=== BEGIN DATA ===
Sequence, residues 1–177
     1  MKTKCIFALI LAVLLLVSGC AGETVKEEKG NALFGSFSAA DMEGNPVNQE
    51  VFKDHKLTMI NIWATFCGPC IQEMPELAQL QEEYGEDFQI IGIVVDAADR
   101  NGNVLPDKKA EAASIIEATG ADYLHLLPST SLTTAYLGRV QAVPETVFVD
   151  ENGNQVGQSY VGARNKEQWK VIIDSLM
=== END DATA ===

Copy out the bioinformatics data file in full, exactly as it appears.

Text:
Sequence, residues 1–177
     1  MKTKCIFALI LAVLLLVSGC AGETVKEEKG NALFGSFSAA DMEGNPVNQE
    51  VFKDHKLTMI NIWATFCGPC IQEMPELAQL QEEYGEDFQI IGIVVDAADR
   101  NGNVLPDKKA EAASIIEATG ADYLHLLPST SLTTAYLGRV QAVPETVFVD
   151  ENGNQVGQSY VGARNKEQWK VIIDSLM